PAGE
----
• In various embodiments, the present invention may be implemented as a method, apparatus, or article of manufacture using standard programming and/or engineering techniques to produce software, firmware, hardware, or any combination thereof. The term “article of manufacture” (or alternatively, “computer program product”) as used herein is intended to encompass a computer program accessible from any computer-readable device, carrier or media. In addition, the software in which various embodiments are implemented may be accessible through the transmission medium, for example, from a server over a network. The article of manufacture in which the code is implemented also encompasses transmission media, such as a network transmission line and wireless transmission media. Thus the article of manufacture may also comprise the medium in which the code is embedded. Those skilled in the art will recognize that many modifications may be made to this configuration without departing from the scope of the present invention.
  • The exemplary computer system illustrated in FIG. 1 is not intended to limit the present invention. Other alternative hardware environments may be used without departing from the scope of the present invention.
  • FIG. 2 depicts an exemplary table 100 of the RDBMS 62 of FIG. 1. The table 100 has rows 102 and columns 104. In some embodiments, one or more columns are designated as a key that is used to access the rows of the table; and an index is created based on the key. An index also comprises rows and columns, similar to a table. A table may be associated with one or more indexes. In a query, a column group is formed from a set of related predicates. For example, consider the following query of tables T1 and T2:
  • SELECT * FROM T1, T2,
  • WHERE T1.C1=T2.C1 AND T1.C2=T2.C2 and T1.C3=5 AND T1.C4 >6.
  • In the query, columns C1, C2, C3 and C4 of table T1 are referenced and columns C1 and C2 of table T2 are referenced. For table T1, there is one join-predicate-related column group (C1, C2) which is determined by two join predicates T1.C1=T2.C1 and T1.C2 T2.C2, and one local-predicate-related column group (C3, C4) which is determined by two local predicates T1.C3=5 AND T1.C4>6.
  • FIG. 3 depicts an embodiment of a collection object 110 having one or more tables 112-114 of the RDBMS 62 of FIG. 1. In some embodiments, the collection object 110 also comprises indexes 116-118. In various embodiments, the collection object 110 is a table space. However, the present invention is not meant to be limited to table spaces, and may be used with other collection objects. The RDBMS 62 (FIG. 1) comprises one or more collection objects 110.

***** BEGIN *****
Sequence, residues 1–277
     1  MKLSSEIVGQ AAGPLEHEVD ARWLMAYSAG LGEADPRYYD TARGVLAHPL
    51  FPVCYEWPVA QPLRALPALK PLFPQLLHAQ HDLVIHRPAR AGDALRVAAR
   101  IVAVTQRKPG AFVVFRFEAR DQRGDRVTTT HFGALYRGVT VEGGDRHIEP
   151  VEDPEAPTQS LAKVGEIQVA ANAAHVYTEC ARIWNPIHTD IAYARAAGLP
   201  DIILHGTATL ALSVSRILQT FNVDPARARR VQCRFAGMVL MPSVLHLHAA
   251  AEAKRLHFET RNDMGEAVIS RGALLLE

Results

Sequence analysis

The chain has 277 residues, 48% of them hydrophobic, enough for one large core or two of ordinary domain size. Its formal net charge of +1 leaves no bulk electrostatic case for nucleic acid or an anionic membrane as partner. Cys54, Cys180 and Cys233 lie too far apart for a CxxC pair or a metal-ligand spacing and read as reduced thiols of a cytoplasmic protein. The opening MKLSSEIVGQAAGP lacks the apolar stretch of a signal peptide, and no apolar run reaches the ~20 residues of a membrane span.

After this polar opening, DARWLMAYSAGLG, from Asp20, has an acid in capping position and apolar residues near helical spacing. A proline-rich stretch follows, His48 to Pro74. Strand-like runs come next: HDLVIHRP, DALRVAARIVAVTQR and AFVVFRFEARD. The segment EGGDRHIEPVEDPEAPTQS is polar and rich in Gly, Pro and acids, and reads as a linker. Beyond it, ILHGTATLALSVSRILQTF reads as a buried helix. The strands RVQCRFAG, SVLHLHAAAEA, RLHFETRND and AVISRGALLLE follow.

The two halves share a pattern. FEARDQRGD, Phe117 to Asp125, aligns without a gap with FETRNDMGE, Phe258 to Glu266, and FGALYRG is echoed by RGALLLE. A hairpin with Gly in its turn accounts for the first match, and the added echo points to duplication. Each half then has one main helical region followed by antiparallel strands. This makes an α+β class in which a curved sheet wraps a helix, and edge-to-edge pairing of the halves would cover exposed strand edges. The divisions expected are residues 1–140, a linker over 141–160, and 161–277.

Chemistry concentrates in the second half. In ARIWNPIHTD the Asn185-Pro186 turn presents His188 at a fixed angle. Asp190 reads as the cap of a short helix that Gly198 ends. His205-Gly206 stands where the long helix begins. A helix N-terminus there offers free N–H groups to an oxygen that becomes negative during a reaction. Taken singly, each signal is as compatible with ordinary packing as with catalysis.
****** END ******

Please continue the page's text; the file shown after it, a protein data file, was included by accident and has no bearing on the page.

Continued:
• FIG. 4 depicts a high-level block diagram of an embodiment of consolidating query-based statistics for a workload and generating at least one statistics collection task using the query-based statistics identification module, the consolidation module, and the task generation module of FIG. 1. The application 70 (FIG. 1) receives a workload 64 comprising queries which are, or can be, executed by the RDBMS 62. In the application 70 (FIG. 1), the query-based statistics identification module 72 is invoked for each query of the workload 64. The query-based statistics identification module 72 identifies query-based statistics for each query and provides the query-based statistics 74 for each query to the consolidation module 76. Statistics identification has been described in U.S. patent application Ser. No. 10/752,915, titled “Method, System, and Program for Statistics Management,” filed on Jan. 7, 2004, to Patrick Dooling Bossman, You-Chin Fuh and Chan-Hua Liu (International Business Machines (IBM) Docket No. SVL920030089US1), which is incorporated herein by reference in its entirety. In various embodiments, the query-based statistics identification module 72 implements various techniques for statistics identification described in U.S. patent application Ser. No. 10/752,915, titled “Method, System, and Program for Statistics Management,” filed on Jan. 7, 2004, to Patrick Dooling Bossman, You-Chin Fuh and Chan-Hua Liu (IBM Docket No. SVL920030089US1).